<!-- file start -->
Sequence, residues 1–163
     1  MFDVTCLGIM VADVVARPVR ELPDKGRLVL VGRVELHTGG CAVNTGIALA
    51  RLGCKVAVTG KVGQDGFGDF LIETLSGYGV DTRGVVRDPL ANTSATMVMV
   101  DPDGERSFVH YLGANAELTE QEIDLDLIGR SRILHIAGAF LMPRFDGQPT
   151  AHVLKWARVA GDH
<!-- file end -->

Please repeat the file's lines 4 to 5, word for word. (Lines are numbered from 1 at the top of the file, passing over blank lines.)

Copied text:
   101  DPDGERSFVH YLGANAELTE QEIDLDLIGR SRILHIAGAF LMPRFDGQPT
   151  AHVLKWARVA GDH